We hypothesized that regions with high cortical expansion between macaque and human would display more protracted developmental trajectories for SA and to some extent CT. For CT, the high-expanding areas showed a possibly more protracted trajectory, but the absolute effect across the age range was larger in the low-expanding regions. For SA, the absolute effect was larger in the high-expanding regions, but the trajectories were quite similar. The estimated rate of change in SA correlated more strongly with differential cortical expansion between macaque and human at young age than later, as could be expected from the rapid reduction in estimated annual expansion rate from 4 to 15 years. Interestingly, the same pattern of reduced relationships with higher age was also seen for CT, where substantial negative age effects were seen through the entire age range.
While monotonous CT reductions were seen across the age range, the processes driving the changes are probably not similar in young and in older age. With increasing age, the cortical changes observed would be less related to developmental processes, and relatively more affected by aging-related processes. The pattern of early maturation of the low-expanding ROI, and the relatively late, protracted maturation of the high-expanding areas, corresponding quite well with sensory–motor regions and higher order association areas, respectively, resonates well with a hierarchical sequence of maturation of the neocortex (Yakovlev and Lecours 1967; Rakic et al. 1994; Guillery 2005; Bourne and Rosa 2006; Burman et al. 2007). Still, it may be that the fundamental principles for regionalization of brain growth are more strongly hard-coded in early development than in later, as the variance in CT attributed to genetic factors has been shown to decrease with age (Schmitt et al. 2014).
Trajectories of CT, SA, and Volume
In addition to investigating the principles governing regional differences in estimated change, we were interested in changes in the age effects across the age range per se. SA followed a nonlinear and nonmonotonous trajectory with positive age effects until about 12 years, before remaining stable for the rest of the studied age span, in accordance with previous studies (Raznahan, Shaw, et al. 2011; Brown and Jernigan 2012; Shaw et al. 2012; Wierenga et al. 2014). The early SA increases affected CV relatively more than did the CT reductions, which resulted in a net CV estimated increase until ∼10 years of age. At this time, the positive age effect on SA subsided to such a degree that it was offset by the continuing negative CT effects. When estimated SA growth subsided around age 12, CV was mostly affected by CT, thus following a mostly linear negative trajectory for the rest of the age range.
Interestingly, CT was found to have a monotonic negative relationship with age across the whole cortex. Both the global cortical, ROI-based and vertex-wise analyses showed monotonous CT decrease. Even with a start age of 4.1 years, and reasonably high sampling density at the lower end of the age range, no indication of a positive age-thickness relationship was seen in any region. This is different from previously reported CT increases until 8–10 years (Gogtay et al. 2004; Shaw et al. 2008; Raznahan, Shaw, et al. 2011), but in concordance with several recent studies (Mutlu et al. 2013; Nguyen et al. 2013; Mills et al. 2014; Wierenga et al. 2014), although many of these did not sample individuals aged below 6–7 years, thus potentially missing an initial peak of CT. The results are also in coherence with the large multicenter Pediatric Imaging, Neurocognition, and Genetics (PING) study (Brown and Jernigan 2012; Brown et al. 2012), and recent infant imaging studies indicating that thickness might reach peak levels already at 2 years while SA is relatively less developed at that age (Li et al. 2013; Lyall et al. 2014). Studies of marmoset monkey, where CT peaks very early after birth, also supports the possibility that CT in humans peaks earlier than we are able to detect in the present study (Missler, Eins, et al. 1993).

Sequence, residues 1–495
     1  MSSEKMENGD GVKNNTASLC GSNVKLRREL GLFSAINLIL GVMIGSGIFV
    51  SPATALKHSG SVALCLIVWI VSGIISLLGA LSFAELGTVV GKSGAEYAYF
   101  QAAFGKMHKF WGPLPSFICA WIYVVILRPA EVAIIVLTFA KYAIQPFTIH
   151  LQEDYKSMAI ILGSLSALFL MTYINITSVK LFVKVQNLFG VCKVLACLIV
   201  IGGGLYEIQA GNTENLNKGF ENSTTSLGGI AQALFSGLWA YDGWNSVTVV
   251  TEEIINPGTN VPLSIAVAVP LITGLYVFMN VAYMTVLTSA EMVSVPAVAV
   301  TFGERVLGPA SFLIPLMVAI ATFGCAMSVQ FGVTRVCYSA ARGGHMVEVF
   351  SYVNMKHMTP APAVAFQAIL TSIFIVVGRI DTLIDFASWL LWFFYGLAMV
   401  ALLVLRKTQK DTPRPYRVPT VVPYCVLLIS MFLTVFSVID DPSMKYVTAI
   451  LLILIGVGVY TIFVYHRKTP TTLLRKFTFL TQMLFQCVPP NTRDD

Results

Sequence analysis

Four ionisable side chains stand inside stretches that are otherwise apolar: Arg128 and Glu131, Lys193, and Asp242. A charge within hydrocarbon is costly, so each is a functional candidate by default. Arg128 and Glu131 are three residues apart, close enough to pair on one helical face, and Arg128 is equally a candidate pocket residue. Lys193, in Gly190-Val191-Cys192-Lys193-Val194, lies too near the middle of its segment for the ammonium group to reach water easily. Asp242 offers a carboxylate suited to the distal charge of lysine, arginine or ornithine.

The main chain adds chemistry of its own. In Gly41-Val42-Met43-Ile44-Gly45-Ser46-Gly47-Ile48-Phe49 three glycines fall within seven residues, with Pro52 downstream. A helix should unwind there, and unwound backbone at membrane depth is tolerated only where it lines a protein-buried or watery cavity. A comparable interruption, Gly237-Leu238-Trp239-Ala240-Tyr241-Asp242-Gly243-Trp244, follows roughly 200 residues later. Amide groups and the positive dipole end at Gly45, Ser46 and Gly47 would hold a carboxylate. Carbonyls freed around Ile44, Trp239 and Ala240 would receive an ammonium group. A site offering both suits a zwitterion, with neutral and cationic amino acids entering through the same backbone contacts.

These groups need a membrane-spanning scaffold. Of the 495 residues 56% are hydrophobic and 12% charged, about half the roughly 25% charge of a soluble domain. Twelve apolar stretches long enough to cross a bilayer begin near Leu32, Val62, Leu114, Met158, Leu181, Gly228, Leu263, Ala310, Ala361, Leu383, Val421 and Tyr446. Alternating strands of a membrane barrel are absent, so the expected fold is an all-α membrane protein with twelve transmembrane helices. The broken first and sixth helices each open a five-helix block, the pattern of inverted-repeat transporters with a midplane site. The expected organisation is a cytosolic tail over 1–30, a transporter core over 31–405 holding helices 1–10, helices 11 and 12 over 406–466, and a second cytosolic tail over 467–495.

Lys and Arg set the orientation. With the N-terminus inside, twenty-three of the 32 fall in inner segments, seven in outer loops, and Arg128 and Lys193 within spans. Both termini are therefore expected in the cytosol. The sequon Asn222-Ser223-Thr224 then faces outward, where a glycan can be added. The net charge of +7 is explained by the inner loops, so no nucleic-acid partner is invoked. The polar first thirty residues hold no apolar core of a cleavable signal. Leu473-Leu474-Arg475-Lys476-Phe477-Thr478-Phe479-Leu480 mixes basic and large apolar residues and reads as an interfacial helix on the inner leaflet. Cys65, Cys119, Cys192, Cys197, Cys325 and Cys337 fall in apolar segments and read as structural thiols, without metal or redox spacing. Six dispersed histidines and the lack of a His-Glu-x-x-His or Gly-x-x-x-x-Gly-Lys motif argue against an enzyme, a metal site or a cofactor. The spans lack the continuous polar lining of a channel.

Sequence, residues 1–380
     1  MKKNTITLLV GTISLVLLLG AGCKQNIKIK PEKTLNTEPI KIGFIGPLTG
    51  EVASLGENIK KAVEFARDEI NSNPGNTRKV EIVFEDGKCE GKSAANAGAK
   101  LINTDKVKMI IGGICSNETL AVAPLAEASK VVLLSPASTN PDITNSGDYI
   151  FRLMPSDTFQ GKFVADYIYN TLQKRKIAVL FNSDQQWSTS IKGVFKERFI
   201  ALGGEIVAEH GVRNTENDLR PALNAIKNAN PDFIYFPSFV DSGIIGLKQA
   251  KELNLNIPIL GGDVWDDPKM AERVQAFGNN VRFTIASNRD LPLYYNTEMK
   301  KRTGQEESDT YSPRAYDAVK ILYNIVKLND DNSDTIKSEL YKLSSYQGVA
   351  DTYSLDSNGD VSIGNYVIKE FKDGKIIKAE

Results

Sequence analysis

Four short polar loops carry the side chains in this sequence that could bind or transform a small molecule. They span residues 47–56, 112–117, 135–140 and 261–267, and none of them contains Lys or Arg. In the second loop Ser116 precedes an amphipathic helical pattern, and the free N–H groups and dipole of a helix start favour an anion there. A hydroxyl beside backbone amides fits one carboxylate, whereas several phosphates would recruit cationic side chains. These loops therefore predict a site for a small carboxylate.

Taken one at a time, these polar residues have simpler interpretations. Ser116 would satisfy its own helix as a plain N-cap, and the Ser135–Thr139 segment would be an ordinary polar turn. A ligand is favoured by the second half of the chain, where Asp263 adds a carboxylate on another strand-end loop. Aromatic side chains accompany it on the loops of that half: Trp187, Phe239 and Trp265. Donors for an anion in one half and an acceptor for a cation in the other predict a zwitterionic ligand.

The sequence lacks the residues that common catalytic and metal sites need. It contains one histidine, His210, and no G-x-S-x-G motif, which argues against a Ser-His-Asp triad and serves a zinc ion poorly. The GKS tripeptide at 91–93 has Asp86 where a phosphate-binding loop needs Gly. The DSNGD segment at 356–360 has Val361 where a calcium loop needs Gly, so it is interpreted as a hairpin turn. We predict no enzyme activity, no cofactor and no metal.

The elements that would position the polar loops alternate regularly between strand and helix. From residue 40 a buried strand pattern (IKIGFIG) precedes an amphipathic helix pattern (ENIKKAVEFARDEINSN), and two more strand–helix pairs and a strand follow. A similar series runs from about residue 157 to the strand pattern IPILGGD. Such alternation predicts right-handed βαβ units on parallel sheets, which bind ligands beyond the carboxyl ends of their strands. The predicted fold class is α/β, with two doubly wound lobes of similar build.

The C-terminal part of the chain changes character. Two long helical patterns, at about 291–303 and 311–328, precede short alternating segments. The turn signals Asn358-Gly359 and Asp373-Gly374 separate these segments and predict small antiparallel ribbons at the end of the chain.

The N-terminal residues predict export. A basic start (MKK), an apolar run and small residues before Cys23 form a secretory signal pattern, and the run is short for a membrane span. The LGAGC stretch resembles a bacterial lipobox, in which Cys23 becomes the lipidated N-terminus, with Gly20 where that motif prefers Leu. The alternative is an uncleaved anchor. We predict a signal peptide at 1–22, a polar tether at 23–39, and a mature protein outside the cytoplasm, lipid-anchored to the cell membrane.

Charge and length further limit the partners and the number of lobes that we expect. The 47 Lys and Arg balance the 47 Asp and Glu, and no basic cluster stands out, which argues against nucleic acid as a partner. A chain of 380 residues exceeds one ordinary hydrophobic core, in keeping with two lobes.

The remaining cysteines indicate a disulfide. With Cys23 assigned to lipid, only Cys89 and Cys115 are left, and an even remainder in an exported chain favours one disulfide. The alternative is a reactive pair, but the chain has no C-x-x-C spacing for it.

The reasons for the discrepant findings are not obvious. CT reductions during childhood may reflect use-dependent synaptic pruning (Bourgeois and Rakic 1993; Missler, Wolff, et al. 1993; Bourgeois et al. 1994), maturation of white matter causing proliferation of myelin into the neuropil (Sowell et al. 2003), cortical stretching (Seldon 2005), or a combination of the above. In macaque, net synaptogenesis occurs only in a period spanning the 2 last months of pregnancy through the 2 first postnatal months. After this period, a decrease in synaptic density continues in most regions until puberty, by then the synaptic density decrease accelerates (Rakic et al. 1986; Bourgeois and Rakic 1993; Bourgeois et al. 1994). In humans, synaptogenesis occurs from at least 6 months after gestation until 15 months after birth, before reduction in synaptic density becomes the net results of the synaptogenic and pruning processes (Huttenlocher and Dabholkar 1997). The timing of synaptogenic processes, however, shows regional heterogeneity across cortical layers (Huttenlocher 1990; Petanjek et al. 2008), and across regions, with sensory and motor areas reaching peak synaptic density at age 3–4 months, while prefrontal cortex reaches its peak not until 15 months. Consequently, there is little reason to expect an increase in CT attributed to synaptogenic processes alone in the age range under study, as we can expect net synaptic density loss in this age range. Use-dependent synaptic elimination, or pruning, can therefore not be ruled out as one of the probable explanations for the monotonous CT reductions we observed. However, there is large individual variation in cortical changes that learning experiences and other epigenetic factors might influence. Dendritic length, for example, has been shown to be related to educational level (Jacobs et al. 1993), but it may not always be the case that changes in dendritic length follows changes in spine density, and the measures may even be oppositely related (Kolb et al. 2008).